Silver-based inks have become the norm for conductive inks used in printed electronics. They are available for most processes and perform well for most applications. However, since they are expensive and polluting, a great deal of research is being done to replace them. Copper is one of the main candidates, but copper nanoparticles are easily oxidized, preventing electrons from transferring from one particle to the next. With the support of a supplier of copper powder and a partner who has a new drying technology, the ICI was able to create a printable formulation using conventional printing processes. Once again, teamwork was the key to success!
An Enzymatic Ink for Printed Biosensors
Thanks to the work of a multidisciplinary team at Ahuntsic College and their teachers, the ICI has developed inks containing enzymes such as glucose oxidase (for the detection of sugar in the blood of diabetics)and other enzymes, such as those which may detect the deterioration of fresh produce (for intelligent packaging). The production challenge remains the protection of the enzyme during the formulation in solvents and while drying during printing. We are proud of the work done by this young team, which shows the potential of printing beyond the graphics industry and inspires students in all fields to be passionate about the potential of printing to solve major social issues.
Expertise in Industrialization Using Advanced Manufacturing Processes
The goal of prototyping is to demonstrate the performance of a given technology. Once this is done, industrialization allows us to take into account the issues of manufacturing and supply, the life cycle of the product and the production potential using high-volume processes as well as the regulatory environment applicable to the target markets.
The transition between the prototype and the manufacturing often seems to be long and full of problems. The ICI’s expertise allows us to build a winning combination of skills in pure sciences, required to achieve specific functionalities ,and in printing process engineering, to break down the barriers of advanced manufacturing. Meanwhile, in collaboration with our partners, industrialization projects continue to move forward on issues such as marketing and regulations.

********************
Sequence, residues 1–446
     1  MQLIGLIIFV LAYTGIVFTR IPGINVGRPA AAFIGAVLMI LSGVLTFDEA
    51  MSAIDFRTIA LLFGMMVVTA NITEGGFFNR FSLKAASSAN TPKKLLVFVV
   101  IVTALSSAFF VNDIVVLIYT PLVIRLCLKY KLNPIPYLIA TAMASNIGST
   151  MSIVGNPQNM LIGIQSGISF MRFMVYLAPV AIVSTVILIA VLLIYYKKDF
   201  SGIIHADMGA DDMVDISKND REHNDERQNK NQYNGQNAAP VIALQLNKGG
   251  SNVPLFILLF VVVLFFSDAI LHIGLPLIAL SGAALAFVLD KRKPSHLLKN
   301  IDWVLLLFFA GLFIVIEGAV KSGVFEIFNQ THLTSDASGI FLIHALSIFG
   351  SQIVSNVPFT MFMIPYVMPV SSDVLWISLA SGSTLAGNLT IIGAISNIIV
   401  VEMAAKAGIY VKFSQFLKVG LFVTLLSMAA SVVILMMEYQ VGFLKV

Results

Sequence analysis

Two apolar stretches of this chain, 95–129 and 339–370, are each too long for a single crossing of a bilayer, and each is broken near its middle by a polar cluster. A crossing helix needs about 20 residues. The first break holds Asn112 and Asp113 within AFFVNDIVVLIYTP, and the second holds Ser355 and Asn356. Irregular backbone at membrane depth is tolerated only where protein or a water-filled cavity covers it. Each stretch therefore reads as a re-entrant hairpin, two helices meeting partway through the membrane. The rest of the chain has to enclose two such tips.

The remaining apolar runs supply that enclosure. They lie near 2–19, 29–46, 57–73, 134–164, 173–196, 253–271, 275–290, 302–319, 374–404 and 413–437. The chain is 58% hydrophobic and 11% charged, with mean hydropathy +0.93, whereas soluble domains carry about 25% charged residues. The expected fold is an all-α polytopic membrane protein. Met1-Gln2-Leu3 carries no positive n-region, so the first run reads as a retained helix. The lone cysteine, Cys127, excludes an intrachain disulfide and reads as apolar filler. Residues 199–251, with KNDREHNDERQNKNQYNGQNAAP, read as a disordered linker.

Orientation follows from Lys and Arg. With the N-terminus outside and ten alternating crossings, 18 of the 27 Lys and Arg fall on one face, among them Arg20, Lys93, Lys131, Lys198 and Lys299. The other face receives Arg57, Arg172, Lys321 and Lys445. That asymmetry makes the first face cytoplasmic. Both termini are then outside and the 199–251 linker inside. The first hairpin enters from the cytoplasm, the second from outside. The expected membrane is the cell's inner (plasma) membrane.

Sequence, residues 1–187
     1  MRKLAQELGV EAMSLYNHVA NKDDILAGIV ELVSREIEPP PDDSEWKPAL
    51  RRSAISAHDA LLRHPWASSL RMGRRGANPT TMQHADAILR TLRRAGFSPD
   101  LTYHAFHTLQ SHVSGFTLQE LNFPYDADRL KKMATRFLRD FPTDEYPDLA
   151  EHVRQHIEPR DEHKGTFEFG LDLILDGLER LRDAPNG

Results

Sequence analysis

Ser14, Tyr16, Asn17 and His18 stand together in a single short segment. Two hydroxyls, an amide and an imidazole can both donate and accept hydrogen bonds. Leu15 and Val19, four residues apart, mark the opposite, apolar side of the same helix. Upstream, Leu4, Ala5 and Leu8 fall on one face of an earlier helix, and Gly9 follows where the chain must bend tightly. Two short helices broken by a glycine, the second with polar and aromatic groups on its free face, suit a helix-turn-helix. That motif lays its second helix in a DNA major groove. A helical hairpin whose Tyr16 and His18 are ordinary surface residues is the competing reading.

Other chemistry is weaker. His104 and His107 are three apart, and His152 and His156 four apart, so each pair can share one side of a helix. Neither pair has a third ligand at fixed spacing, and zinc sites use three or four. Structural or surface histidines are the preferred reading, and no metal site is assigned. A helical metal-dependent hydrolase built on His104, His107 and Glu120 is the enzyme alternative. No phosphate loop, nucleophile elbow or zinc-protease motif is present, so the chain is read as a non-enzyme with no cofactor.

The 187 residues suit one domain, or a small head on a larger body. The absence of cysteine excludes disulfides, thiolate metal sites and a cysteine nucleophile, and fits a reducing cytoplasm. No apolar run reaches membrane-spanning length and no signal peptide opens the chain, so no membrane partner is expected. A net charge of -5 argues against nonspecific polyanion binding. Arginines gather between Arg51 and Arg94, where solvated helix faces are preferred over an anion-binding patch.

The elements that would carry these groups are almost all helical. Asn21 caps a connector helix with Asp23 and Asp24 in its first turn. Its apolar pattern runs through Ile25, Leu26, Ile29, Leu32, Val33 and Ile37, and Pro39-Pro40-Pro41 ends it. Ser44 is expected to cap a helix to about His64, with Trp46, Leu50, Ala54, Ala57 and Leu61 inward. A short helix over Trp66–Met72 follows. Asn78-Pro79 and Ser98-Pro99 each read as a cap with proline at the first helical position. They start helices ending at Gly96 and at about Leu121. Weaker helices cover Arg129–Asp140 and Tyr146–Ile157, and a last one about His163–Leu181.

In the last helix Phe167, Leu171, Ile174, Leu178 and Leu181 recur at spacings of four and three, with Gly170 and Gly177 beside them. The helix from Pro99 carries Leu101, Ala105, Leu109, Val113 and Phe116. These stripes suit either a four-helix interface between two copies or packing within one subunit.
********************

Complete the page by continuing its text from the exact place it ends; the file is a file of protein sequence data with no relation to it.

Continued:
How to Make 1 km of Batteries Using Continuous Rotary Printing?
Making kilometers of flexible batteries based on a saline technology is a daring gamble! But thanks to rotary additive printing processes, the ICI has shown that it is possible to mass produce very low cost devices for intelligent packaging and labels.
The food, cosmetics, pharmaceutical and luxury industries need communication technologies integrated into every product–The Internet of Things–to fight against product waste and counterfeiting. To this end, packaging and labels will include flexible communication devices and sensors which require a low cost flexible energy source with good performance. To manufacture such devices, printing processes are the perfect manufacturing platform to allow the transfer of functional inks onto flexible substrates, at a high speed in “dirty” manufacturing environments rather than white rooms.
Thanks to its advanced rotary manufacturing equipment, the ICI has prototyped large-scale production, eliminating the technological dangers for its industrial partners, and eliminating the need to block their own equipment for tests or to invest in dedicated equipment.
The Internet of Things for the Traceability of Packaging and Food Safety
To meet the increasing needs for traceability and quality monitoring of food products, and to ensure compliance with health standards before exportation, the ICI and its partners work to develop new hybrid manufacturing methods, a mix of the manufacturing methods used in printed electronics and conventional electronics. The use of rotary systems opens wide ranges of applications and is well suited to the application of The Internet of Things onto mass-market products. One of the first goals is to industrialize intelligent labels and packaging which may ensure the tracking of the temperature and deterioration of products, to improve traceability, and to fight against counterfeiting in sensitive fields, such as agribusiness and the pharmaceutical industry which are highly regulated internationally.
It is essential for our local industries to have access to these new technologies to protect their products and stand out in the race to face the dangers and to comply with the regulations put in place by importing countries to protect against epidemics, infections and counterfeiting.
Furthermore, by supporting the development of such manufacturing methods while respecting the environment we ensure that this high-tech production complies with the Canadian environmental regulations and stays in Canada, benefiting the local economy. Finally, the local use of these devices is a major health issue for the improvement of the quality of the food that Canadians eat.